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Innovation in an Undefinable Genre: TV Girl’s “French Exit”

American indie band TV Girl released their debut album titled “French Exit” in the summer of 2014. With little notoriety, the band burst onto the music scene after garnering a large Bandcamp following. In the 4 years since the “French Exit” release, TV Girl remains suspended as one of indie pop’s most underrated groups.

Formed somewhere in sun-dripped San Diego, TV Girl is currently made up of Brad Petering, Jason Wyman, and Wyatt Harmon. Though previous collaborative member, Trung Ngo, had a huge creative hand in composing “French Exit”.

Petering’s voyeuristic lyrics and vocals play second string to the pulsating, lazed beats which envelop each track. This artistic inversion becomes a main signifier of TV Girl’s discography. Certainly, some would find Petering’s soft alto musings less inspired than other bands with more charismatic lead singers. Mostly, I appreciated the nuance.

This 12 track work combines low-fi synth beats with firm roots in indie. All of this is tightly wrapped with candid lyrics. Playful percussion dots most of these tracks. The top-ranked gem of the track list, “Louise”, pays slight homage to the stylistic moniker of fellow indie-band, The Drums, by combining ‘laxed, upbeat music paired with lyrics marking heartbreak, loss, and tragedy:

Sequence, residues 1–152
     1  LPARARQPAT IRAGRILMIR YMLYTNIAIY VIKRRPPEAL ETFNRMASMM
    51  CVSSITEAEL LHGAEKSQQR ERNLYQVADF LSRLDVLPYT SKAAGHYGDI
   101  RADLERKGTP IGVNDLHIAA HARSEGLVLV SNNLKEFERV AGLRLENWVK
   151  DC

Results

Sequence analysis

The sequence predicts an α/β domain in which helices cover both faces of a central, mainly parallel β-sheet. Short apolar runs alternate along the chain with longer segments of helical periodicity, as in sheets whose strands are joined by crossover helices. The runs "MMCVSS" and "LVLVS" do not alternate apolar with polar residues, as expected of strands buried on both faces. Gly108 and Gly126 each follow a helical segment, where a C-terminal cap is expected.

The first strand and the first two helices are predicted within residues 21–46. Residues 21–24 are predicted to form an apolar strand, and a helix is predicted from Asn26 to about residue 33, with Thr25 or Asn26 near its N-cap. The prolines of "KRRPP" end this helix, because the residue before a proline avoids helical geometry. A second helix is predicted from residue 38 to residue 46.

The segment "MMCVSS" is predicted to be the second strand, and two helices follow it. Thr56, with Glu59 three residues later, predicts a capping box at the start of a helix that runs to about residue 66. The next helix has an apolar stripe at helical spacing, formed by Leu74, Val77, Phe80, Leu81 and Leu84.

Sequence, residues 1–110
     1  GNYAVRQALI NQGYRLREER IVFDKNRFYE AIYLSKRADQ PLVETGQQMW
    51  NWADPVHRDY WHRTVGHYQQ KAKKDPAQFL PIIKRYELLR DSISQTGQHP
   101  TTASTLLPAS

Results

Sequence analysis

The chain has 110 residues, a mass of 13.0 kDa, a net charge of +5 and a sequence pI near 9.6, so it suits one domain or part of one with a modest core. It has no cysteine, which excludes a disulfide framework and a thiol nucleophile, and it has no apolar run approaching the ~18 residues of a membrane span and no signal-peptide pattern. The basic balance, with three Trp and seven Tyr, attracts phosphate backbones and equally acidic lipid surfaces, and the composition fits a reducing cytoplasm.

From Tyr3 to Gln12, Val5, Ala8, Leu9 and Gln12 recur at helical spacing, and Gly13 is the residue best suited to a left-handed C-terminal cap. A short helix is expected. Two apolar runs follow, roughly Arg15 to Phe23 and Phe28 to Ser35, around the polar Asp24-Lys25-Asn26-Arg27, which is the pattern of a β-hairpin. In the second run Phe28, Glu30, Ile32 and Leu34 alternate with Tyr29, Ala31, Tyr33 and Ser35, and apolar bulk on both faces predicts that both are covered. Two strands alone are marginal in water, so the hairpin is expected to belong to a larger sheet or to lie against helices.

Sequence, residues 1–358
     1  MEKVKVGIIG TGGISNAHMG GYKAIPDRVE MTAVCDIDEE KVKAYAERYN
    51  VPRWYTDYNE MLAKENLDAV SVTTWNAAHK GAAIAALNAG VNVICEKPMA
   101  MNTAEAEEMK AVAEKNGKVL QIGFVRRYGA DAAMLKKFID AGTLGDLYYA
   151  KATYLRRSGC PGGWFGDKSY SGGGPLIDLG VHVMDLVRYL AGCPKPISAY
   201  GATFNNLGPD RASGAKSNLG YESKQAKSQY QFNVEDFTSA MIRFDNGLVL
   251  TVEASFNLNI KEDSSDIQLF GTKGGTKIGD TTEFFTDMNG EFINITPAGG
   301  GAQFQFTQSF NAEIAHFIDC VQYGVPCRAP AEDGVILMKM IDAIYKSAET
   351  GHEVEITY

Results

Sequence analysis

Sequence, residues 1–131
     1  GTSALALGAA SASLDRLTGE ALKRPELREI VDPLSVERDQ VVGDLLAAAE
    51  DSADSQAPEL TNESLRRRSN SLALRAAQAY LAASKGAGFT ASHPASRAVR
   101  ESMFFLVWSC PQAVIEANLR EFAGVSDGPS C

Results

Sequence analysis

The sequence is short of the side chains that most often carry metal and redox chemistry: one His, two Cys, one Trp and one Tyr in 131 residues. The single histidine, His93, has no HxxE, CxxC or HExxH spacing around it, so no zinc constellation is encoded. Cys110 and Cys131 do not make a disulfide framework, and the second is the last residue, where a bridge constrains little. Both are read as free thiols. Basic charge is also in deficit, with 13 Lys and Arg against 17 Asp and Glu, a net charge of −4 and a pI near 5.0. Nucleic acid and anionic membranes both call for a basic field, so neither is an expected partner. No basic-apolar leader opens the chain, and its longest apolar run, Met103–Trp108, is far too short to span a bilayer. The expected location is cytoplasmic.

“She woke him up and she whispered

But the answer wasn’t good:

‘Whatever made you think I would ever love you

Even if I could?’”

The albums first single, “Birds Don’t Sing”, begins almost as if the main hook, complete with tambourine and brass overtones, is playing beyond a closed door. Simple guitar strumming becomes forefront here, creating a scene of someone possibly taking respite from a bass-heavy party to pick some chords alone.

This synesthesia can be invoked by a listener in a lot of tracks on this album. TV Girl is nothing short of expert in creating multi-layered imagery in which these songs exist. Further examples of that are found in tracks 5 and 9: “The Getaway” and “Lovers Rock” respectively, which feature samples from both American and French noir films.

This choice of sampling could have easily come across as contrived. However, the well-plotted musicality of this group is too sound to shake, even with the dubbed background vocals of Lauren Bacall-types. Instead, the samples add a narrative backbone to an album that otherwise could have seen the vocals swallowed by synth.

All 12 tracks easily take place in the same vernacular; TV Girl brands themselves both relentlessly and successfully. Described on the group’s Bandcamp page as “12 songs about lost lust, too much love and not enough,” the themes are arching and all-consuming. Oftentimes, all three of them converge in a single track.

More notably thematically, TV Girl provides consistently redefined descriptions of women. There is no one muse that this album chooses to “pixie” and spends all 12 tracks consumed by defining and lamenting. In other words, there is no tragic, trailing love story here.

With that said, most of these songs feature some kind of female pro- or antagonist. Lead singer Brad Petering leaves these descriptions of the women in his songs enigmatic, at times almost universal. This allows room for muse to exist as human, as opposed to desirable objects of consumption. It’s subtle, but a win nevertheless.

Overall, this album is a strong group debut. With catching melodic hooks, prosaic lyrics, and innovative sampling, TV Girl is a group largely overlooked in an ever-popularizing genre of music. Their freshman album boasts their chops and should rightfully toss their hat into the arena with the likes of other alt indie powerhouses like Vampire Weekend. 9/10 for French Exit.

Link to Bandcamp:

Link to ‘Lovers Rock’ Music Video:

Link to ‘Birds Don’t Sing” single: